About 70% of capital gains in 1987 went to about 1 million taxpayers with incomes above $100,000 a year.
But the President is anxious to redeem one of his campaign promises--to cut the capital gains levy as a boost to economic growth.
“Yes, you can cast the capital gains cut as a cut for the higher brackets,” said White House Chief of Staff John H. Sununu, “but the fact of the matter is that its purpose and its historic record is that it does create investment, investment creates jobs and jobs create opportunities for men and women that want to work and earn a living.”
To deflect the charge that only the wealthy would benefit, the Administration wants to eliminate the tax on capital gains for single persons with adjusted gross incomes below $10,000 a year and couples with incomes below $20,000.
However, the capital gains proposal seems doomed because powerful members of Congress see it as a threat to unravel the carefully crafted tapestry of the 1986 tax reform legislation. “I like stability in the (tax) code; I think that’s what the American people expected,” said Rostenkowski, who regards his role in the legislation as the major accomplishment, thus far, of a 30-year congressional career. “I’d like very much to see the ’86 code untouched for several years. This is the first year where we will see the true effects of the 1986 tax cut.”
Rostenkowski said he is worried by the Pandora’s box of changes that could be opened. If Congress considers a lower capital gains tax, perhaps it will become entangled in other issues. Or there might be a new debate about enlarging the Individual Retirement Act, which was restricted. These uncertainties “are the things that frighten me,” said the canny Ways and Means chairman.
And he delivered an unmistakable warning to the White House that forcing the capital gains issue could bring with it something the President is dead set against--higher rates.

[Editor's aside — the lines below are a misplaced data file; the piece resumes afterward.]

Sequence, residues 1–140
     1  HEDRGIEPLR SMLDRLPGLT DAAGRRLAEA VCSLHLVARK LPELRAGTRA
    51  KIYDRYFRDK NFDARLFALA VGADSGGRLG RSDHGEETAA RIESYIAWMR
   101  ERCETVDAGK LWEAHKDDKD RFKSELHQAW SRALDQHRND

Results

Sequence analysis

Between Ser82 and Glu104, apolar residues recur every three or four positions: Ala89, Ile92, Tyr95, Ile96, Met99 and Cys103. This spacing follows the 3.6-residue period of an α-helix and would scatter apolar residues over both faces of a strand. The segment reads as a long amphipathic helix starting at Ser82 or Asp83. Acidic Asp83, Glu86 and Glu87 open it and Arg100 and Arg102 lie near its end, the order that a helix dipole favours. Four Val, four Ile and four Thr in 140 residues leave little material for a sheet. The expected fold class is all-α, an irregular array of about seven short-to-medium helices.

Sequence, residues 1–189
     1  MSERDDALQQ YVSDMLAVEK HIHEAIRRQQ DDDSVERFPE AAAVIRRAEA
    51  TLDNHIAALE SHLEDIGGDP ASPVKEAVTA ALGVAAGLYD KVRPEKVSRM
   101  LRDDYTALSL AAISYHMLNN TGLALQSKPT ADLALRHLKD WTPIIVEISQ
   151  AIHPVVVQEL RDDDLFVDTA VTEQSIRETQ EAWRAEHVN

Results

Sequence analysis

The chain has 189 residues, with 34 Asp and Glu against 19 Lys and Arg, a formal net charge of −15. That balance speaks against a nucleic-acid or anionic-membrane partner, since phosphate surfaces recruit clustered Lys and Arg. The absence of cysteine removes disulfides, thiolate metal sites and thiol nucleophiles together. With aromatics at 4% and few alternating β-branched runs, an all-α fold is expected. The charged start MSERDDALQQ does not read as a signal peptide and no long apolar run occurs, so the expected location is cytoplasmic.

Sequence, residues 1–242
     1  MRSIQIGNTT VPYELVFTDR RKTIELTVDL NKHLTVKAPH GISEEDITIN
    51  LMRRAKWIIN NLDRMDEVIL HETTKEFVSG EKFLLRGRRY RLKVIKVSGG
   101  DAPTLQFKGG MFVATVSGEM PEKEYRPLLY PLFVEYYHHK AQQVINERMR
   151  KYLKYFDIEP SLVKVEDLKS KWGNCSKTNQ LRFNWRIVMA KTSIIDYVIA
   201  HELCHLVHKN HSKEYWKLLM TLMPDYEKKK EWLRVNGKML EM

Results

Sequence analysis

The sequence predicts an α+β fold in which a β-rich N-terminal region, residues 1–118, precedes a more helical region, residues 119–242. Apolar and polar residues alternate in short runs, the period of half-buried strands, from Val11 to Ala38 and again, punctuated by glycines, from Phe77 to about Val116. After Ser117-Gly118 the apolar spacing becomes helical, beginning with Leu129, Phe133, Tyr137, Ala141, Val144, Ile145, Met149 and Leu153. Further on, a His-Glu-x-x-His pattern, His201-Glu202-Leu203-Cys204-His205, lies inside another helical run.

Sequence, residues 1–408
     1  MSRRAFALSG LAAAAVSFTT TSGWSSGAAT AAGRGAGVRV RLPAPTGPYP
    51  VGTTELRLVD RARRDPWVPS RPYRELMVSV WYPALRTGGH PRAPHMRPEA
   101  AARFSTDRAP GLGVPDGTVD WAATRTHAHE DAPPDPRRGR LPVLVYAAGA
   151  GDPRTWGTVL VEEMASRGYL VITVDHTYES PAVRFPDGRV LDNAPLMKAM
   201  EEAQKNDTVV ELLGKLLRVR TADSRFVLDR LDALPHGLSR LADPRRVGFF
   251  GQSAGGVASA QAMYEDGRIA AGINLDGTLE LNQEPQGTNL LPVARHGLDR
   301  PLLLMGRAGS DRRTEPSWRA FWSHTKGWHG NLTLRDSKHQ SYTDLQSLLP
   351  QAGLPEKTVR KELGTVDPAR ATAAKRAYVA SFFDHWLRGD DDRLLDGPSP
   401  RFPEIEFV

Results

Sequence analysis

“If the President is going to insist on the capital gains reduction to 15%, I see no way we could hold back the majority of the House from increasing the top marginal rate,” he said.
Rostenkowski wants more tax revenues without tinkering with capital gains or the top rates. “I should imagine we can go to a gasoline tax, to the sin taxes, to excise taxes of a sort,” he said.
Another important Democrat, Rep. Leon Panetta (D-Monterey), chairman of the House Budget Committee, agrees on the need for increased tax revenues, combined with a “balance of spending constraints on defense and entitlements.” Panetta said he is willing to “look at some form of energy tax” to raise revenues.
The White House has no enthusiasm for gasoline taxes, which would cut energy consumption, hurting an already depressed industry. Rather than raise the tax burden, the Administration wants to spur energy exploration with some new tax credits for the independent entrepreneurs who drill for oil and gas. Tax and investment credits would help the drillers while costing the Treasury about $350 million a year in forgone tax collections.
Other beneficiaries of Bush tax breaks would include low-income families needing help to pay for child care, people who adopt children, and high-technology companies with big research budgets.